The impact of adolescent employment on family relationships

Lloyd E. Pickering, Alexander T. Vazsonyi

Research output: Contribution to journalArticlepeer-review

10 Scopus citations


The present investigation examined the impact of adolescent employment on family process. Data collected from 725 adolescents were employed to compare mean levels of maternal and paternal family process scales (caring and trust, control and supervision, conflict, intimate communication, and instrumental communication) across three categories of adolescents: nonworkers, low-intensity workers (less than 20 hours per week), and high-intensity workers (20 or more hours per week). Most maternal and paternal family process scores followed a curvilinear pattern across the three work intensity groups, with low-intensity workers reporting the highest levels of family process (e.g., caring and trust), high-intensity workers the lowest levels, and nonworkers in between. LISREL analyses, which were used to test for similarities and/or differences in developmental process by sex and age, confirmed that relationships between work intensity and family process were highly similar for males versus females and for younger adolescents versus older adolescents.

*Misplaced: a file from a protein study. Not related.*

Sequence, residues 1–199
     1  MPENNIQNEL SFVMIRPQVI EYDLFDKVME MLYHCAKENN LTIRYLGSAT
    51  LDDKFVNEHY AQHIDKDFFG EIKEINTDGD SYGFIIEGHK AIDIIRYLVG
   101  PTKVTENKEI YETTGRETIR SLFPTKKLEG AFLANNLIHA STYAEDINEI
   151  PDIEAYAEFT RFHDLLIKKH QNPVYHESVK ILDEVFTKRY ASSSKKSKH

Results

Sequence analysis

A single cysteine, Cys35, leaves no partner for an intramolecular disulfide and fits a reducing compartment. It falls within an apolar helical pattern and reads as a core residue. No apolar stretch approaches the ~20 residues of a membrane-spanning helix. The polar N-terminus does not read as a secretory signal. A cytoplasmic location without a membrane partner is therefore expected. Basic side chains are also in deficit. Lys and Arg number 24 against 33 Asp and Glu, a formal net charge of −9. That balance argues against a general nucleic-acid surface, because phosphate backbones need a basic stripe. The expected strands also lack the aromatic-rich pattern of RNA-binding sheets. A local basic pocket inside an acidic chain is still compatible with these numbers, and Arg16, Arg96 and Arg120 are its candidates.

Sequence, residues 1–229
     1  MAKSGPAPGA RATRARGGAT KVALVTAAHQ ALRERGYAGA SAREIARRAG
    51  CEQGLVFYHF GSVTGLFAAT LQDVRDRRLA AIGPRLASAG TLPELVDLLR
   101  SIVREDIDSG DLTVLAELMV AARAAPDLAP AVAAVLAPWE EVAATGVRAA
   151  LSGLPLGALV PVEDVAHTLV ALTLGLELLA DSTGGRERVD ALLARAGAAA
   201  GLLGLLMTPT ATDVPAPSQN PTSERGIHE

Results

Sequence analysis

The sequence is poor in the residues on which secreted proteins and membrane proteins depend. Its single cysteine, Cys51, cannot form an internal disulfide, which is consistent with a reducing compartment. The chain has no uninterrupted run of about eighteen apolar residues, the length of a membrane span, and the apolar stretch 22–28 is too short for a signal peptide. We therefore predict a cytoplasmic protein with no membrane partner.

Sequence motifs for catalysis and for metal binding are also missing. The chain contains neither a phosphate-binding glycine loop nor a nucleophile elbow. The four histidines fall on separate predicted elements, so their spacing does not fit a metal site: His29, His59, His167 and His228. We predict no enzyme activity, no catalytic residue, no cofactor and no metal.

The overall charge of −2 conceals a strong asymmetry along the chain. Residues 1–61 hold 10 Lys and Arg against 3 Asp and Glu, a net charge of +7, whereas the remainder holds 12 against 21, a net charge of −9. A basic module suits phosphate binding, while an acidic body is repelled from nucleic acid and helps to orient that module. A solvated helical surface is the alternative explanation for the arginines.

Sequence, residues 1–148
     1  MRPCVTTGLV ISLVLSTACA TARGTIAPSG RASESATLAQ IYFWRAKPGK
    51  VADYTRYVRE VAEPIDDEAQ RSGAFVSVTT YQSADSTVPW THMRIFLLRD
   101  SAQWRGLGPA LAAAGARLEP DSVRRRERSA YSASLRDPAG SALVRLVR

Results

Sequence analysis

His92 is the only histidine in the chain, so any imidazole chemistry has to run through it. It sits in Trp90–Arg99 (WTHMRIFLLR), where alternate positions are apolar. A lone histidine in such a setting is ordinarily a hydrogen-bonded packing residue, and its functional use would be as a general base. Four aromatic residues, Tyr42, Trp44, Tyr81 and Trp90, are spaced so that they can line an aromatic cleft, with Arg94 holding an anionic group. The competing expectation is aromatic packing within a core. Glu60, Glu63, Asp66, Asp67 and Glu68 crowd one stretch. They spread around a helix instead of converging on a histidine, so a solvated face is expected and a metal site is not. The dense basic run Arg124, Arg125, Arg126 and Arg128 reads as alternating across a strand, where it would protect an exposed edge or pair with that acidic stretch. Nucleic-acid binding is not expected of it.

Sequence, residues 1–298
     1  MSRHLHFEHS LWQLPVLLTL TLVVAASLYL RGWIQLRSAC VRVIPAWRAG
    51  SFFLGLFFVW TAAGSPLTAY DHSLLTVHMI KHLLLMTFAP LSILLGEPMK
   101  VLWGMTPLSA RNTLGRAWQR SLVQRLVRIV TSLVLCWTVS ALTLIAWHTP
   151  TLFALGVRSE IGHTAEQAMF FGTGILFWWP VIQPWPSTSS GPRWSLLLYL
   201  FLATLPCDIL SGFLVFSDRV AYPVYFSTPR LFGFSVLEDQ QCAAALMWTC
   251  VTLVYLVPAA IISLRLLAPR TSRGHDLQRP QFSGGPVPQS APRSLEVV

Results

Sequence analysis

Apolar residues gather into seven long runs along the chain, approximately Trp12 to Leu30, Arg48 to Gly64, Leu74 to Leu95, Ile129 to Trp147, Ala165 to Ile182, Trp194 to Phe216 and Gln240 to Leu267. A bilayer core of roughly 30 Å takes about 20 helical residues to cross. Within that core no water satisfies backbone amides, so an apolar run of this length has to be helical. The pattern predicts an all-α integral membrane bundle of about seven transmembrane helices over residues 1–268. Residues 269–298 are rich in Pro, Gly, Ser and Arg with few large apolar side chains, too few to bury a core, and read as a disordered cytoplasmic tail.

Original languageEnglish
Pages (from-to)196-218
Number of pages23
JournalJournal of Adolescent Research
Issue number2
StatePublished - Mar 2002

ASJC Scopus subject areas

  • Developmental and Educational Psychology
  • Sociology and Political Science


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